The start of the 2015 season has brought an end to the dual debate down south. However, is achieving both All-Irelands a reality for the Rebel County in the near future?
While the glorious year of 1990 for Cork GAA will not fade in the minds of the rebel faithful for a long time, there is a growing sense that it may be a long time yet before both Sam and Liam are brought back to the Lee again.
Cork’s last All-Ireland victory came in 2010, with the footballer’s achieving success against Down in a long over-due victory.
However, a barren period has hung over the hurlers. Nine seasons have passed since Cork last climbed the steps of the Hogan Stand to lift the Liam McCarthy Cup.
From a traditional hurling stronghold, no All-Ireland victory in nine seasons and a mere two final appearances in that period, 2006 and more recently 2013, is deemed a significant failure.
The beginning of 2014 saw huge positivity generated in Cork. Aidan Walsh, Eoin Cadogan and Damien Cahalane all committed to playing both codes, and many saw it as the year that the dual debate would be solved and maybe dual glory would beckon on the horizon.
The debate was solved, but the outcome was a far cry from the one the Cork public had hoped for. Being an inter-county dual star was something that was deemed impossible.
All three players had seen their performance levels suffer while trying to juggle the task of committing to both teams, and in the end, it was Walsh who made the call first.
Speaking to the Irish Independant on his experiences in 2014, Walsh said,
“It’s something I can look back on and say I did it, but I don’t think I have any intention of doing again it for the coming year, or for the rest of my career”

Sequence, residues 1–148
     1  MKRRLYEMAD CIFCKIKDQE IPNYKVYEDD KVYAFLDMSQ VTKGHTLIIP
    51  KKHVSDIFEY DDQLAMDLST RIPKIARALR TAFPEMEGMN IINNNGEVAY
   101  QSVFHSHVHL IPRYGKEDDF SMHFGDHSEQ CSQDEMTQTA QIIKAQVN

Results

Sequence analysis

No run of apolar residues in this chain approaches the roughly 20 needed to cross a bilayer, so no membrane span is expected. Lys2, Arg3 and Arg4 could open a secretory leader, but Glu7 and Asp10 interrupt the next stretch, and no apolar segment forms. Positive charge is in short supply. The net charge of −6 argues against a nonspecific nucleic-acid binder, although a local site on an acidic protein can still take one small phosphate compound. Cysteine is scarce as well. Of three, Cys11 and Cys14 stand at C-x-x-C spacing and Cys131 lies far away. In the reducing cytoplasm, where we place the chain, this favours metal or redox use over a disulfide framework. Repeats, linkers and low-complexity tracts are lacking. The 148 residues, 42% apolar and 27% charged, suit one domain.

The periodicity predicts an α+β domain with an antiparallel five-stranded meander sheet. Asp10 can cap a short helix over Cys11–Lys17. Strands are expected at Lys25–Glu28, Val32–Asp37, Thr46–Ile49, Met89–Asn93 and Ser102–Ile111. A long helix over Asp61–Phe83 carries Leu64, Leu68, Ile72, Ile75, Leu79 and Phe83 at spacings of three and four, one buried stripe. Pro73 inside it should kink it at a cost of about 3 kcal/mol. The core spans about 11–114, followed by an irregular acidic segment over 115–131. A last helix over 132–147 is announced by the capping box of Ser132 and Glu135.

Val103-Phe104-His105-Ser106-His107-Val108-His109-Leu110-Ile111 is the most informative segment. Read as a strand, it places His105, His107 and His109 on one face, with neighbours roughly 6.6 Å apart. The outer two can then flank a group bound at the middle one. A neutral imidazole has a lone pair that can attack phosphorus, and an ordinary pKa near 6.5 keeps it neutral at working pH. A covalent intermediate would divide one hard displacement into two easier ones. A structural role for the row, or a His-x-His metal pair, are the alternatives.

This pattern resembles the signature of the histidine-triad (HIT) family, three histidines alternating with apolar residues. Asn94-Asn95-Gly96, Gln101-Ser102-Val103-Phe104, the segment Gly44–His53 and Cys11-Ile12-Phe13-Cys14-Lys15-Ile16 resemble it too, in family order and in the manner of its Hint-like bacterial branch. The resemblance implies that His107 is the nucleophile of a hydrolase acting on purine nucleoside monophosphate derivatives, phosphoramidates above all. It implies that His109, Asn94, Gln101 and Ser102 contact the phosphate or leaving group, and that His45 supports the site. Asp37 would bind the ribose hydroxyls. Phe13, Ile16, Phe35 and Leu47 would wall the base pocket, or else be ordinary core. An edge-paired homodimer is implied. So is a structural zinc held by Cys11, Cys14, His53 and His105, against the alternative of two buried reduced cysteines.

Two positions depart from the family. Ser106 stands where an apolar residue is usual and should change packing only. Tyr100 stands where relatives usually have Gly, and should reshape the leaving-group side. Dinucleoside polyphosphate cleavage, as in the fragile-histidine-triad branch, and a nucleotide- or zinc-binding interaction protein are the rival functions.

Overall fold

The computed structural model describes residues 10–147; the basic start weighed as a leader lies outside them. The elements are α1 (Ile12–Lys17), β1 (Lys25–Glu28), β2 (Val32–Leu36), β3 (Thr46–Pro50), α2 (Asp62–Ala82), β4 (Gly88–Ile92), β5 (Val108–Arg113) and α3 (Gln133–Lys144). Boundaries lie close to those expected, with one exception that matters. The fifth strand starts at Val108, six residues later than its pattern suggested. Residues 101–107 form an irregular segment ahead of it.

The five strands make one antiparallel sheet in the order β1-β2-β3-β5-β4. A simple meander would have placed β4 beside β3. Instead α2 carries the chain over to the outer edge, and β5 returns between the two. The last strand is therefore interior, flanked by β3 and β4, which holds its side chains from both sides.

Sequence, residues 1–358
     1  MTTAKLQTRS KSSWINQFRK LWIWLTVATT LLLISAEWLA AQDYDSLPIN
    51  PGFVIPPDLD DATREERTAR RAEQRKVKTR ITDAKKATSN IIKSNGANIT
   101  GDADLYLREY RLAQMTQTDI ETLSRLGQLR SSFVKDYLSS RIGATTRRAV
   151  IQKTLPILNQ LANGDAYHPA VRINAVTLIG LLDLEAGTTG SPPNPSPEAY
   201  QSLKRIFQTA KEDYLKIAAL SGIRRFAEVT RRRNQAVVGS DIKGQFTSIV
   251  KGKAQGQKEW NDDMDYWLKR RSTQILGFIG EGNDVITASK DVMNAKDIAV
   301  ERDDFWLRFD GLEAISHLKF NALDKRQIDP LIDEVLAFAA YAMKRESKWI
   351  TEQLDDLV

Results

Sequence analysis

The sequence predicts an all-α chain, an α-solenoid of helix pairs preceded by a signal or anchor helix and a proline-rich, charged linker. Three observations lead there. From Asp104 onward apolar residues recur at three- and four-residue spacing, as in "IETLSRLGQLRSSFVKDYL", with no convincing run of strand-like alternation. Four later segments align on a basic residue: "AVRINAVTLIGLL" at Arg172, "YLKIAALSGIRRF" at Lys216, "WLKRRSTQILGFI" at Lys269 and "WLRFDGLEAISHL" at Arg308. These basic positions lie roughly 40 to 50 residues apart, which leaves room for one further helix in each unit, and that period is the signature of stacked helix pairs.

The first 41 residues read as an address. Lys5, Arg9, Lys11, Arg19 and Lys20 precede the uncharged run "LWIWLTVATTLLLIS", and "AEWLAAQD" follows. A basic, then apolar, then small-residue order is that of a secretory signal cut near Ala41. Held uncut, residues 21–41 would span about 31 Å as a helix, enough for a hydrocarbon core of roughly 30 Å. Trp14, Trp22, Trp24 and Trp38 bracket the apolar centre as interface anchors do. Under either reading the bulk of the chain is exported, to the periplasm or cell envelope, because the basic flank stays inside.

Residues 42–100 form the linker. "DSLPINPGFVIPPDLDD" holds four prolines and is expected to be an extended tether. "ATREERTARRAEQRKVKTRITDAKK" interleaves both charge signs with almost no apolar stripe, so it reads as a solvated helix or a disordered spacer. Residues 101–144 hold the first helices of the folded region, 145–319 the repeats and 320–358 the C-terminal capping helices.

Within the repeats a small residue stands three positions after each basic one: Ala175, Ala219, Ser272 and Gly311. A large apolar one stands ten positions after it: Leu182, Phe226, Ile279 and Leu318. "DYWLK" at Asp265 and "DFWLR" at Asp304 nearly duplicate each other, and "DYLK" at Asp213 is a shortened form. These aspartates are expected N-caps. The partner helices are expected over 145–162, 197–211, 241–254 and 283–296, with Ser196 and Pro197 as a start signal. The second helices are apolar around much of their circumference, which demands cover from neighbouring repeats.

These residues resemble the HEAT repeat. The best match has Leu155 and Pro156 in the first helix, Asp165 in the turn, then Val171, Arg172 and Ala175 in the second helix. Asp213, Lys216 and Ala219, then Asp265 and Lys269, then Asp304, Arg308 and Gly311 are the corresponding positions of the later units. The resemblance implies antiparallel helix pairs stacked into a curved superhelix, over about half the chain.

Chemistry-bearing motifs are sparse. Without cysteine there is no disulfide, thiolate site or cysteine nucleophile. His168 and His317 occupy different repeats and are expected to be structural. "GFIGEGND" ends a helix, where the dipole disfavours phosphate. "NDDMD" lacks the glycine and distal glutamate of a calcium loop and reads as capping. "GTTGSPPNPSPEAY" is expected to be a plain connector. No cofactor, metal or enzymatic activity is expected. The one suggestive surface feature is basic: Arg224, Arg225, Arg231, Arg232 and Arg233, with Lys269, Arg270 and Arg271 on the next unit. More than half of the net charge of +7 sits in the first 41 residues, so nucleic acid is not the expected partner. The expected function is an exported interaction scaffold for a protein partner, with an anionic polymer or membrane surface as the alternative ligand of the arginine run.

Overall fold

Both Walsh and Cahalane commited to Jimmy Barry-Murphy’s side for 2015 and with that, the dream of the double was cast aside. One team’s gain was another team’s loss.
Walsh had played such a significant role with the footballer’s in recent times, acting as a leader, a score- getter and a primary ball-winner.
Without the domineering presence of the Kanturk man around the middle-third, it is hard to see Cork claiming honours against the likes of Dublin and Kerry, who not only possess a vast array of primary ball-winners but also significant strength and depth, which at the moment Cork footballers do not seem to have.
In the case of the small-ball, an All-Ireland for the Rebel County is a real possibility. The hurling championship nowadays is extremely open and any of seven or eight counties can claim honours.
With the dual players solely focusing on hurling and the likes of Patrick Horgan and Daniel Kearney coming into their prime, barring a complete no-show like that which happened last August against Tipperary, Cork should claim honours in the near future.
As regards to a dual All-Ireland success, Cork may just have to wait a little longer.
Seán Ó Murchú, Pundit Arena